Computer Science Major Becomes Indian Dance Expert
MICHEL MARTIN, HOST:
Now to a conversation with a different beat.
(SOUNDBITE OF MUSIC)
MARTIN: This week Washington, D.C. is hosting the Fall Festival of Indian Arts featuring Indian dance music and poetry.
(SOUNDBITE OF MUSIC)
MARTIN: The festival is brought to the area each year by Dakshina, a dance company that blends classical Indian with modern and collaborative Latin and American artists. But it might surprise you to know just who is behind this move to bring Indian art to Washington.
Daniel Phoenix Singh has a degree in computer science. He works in IT during the day. He grew up in a fundamentalist Christian family in southern India and had never seen a live Indian dance performance until he went to college in the U.S.
To talk about his journey into dance and his work to bring Indian classical and modern performance to the U.S., Daniel Phoenix Singh joins us now. Welcome. Thank you so much for joining us.
DANIEL PHOENIX SINGH: Thank you for having me.
MARTIN: So what does Dakshina, the name of your dance company, mean?
SINGH: Dakshina has multiple meanings like most things in Asian culture. So one of the meanings that I'm kind of drawn to - Dakshina means offering and I felt like I had some wonderful teachers who gave me the gift of dance and I wanted to find a way to give that back, and so that's one of the meanings associated with Dakshina. And it also means from the South. And the dance form that we practice, Bharata Natyam, is from the South of India so it has both those meanings for me.
MARTIN: I'd like to play a short clip from one of the performers involved in the festival. This is Alif Laila on sitar, a classical Indian string instrumental. A lot of people will have heard the sitar, thankfully. Here it is.
(SOUNDBITE OF MUSIC)
MARTIN: Now in addition to just being a lovely performance, like yourself, Ms. Laila has an interesting back-story. She's performing an instrument that has traditionally been performed by men. And I wanted to ask if those kind of interesting back-stories are part of what you're trying to accomplish with the festival or is that just a happy accident?
SINGH: No. I think when we curate artists for our festivals we try to find people who have a new perspective on things. And whether it's personal or it's social or cultural, I'm particularly interested in people who help us look at things that we might have gotten familiar to and kind of dulled our senses and have us take a new look at it. And Alif is a wonderful musician and - but she's also an accomplished watercolor painter, and so that was her degree to start with and then later on she got into music and got into sitar playing.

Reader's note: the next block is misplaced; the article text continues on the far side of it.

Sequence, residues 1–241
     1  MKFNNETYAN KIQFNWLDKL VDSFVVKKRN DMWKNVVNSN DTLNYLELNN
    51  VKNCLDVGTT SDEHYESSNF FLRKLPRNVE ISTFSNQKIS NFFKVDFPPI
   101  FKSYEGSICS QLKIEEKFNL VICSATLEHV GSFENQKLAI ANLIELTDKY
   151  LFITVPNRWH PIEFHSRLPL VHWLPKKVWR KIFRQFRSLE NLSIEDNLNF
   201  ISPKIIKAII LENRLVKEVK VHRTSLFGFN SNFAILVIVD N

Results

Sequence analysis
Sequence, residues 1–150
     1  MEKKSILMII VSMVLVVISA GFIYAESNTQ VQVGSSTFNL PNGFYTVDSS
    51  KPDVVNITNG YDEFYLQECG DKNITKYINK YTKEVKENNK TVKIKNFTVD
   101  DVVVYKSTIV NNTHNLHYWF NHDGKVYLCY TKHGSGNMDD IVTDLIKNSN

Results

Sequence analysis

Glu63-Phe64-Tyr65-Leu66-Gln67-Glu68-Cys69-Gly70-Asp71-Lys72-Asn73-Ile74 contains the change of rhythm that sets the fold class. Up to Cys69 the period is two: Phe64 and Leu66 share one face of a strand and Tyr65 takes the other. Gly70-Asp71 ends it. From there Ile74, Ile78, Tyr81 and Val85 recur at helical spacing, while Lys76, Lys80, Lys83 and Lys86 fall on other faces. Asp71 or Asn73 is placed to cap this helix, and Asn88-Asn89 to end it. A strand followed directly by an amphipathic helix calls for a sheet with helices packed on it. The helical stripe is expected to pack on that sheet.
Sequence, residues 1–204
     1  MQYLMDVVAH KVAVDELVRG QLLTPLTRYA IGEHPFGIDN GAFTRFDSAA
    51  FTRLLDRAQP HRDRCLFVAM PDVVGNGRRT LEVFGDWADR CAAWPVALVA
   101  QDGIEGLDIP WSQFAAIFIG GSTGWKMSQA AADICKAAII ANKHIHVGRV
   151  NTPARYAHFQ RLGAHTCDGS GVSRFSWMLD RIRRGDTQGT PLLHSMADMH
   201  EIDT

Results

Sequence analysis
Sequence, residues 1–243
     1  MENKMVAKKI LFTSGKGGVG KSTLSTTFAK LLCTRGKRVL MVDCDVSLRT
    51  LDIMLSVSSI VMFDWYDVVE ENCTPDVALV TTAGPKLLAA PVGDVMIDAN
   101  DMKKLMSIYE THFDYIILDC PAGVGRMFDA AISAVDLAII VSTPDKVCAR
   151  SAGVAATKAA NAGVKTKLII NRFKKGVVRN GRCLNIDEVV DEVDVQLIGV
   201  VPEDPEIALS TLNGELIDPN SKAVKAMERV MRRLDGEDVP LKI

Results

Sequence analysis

(SOUNDBITE OF MUSIC)
SINGH: And for us, when I hear that, it's - the music is beautiful, like you said, but it's also a cultural trigger. It takes me to a place in time. It's kind of like smell and you know immediately where you're in your mind there's a memory associated with those sounds. And the music also in India or the South Asian subcontinent, the ragas are associated with mornings and afternoons and evenings, and seasons of the year and so everything has something built into it that you might not be able to articulate but it triggers something in you in a visceral way.
MARTIN: But it's going to trigger something depending on what your experience is with it.
MARTIN: And I'm wondering is that trigger mainly directed towards South Asians who might have an experience and that you are kind of - that you are in a way challenging or for people who've never experienced it before?
SINGH: I think it does both. I think the people who have specific cultural memories will probably go there first and then maybe use that as a pathway to get into different places. And for people who don't have that specific place to go to I think the music is large enough that it has some universality in it and so people find their own access points. It might just be beautiful to start with but then it might put them in a trancelike place, it might calm them, it might excite them, so it gives multiple entry points for people.
MARTIN: We're speaking with Daniel Phoenix Singh. He's the founder of the Dakshina Company which is staging the Fall Festival of Indian Arts in Washington, D.C. this week.
So how did you find your way to dance?
SINGH: It was a lucky accident for me. I grew up in Chennai, India. Bollywood or the Tamil films were my access to artistic outlets and I saw a male actor, Kamal Haasan, perform in "Salangai Oli" and that was the first time that I was like oh, men can dance and men can dance classical Indian dance? So it was kind of the first time I was awake to that idea. But growing up in India, we were from a lower middle-class family and parents were struggling to get us into a private school, education was the focus, arts were the luxury that you kind of can't afford, and so I never had a chance to study dance. So I came to the U.S., started working here and then I was like okay, now I can finally pay for my classes and so I kind of started looking around for teachers for the classical Indian dance portion of it.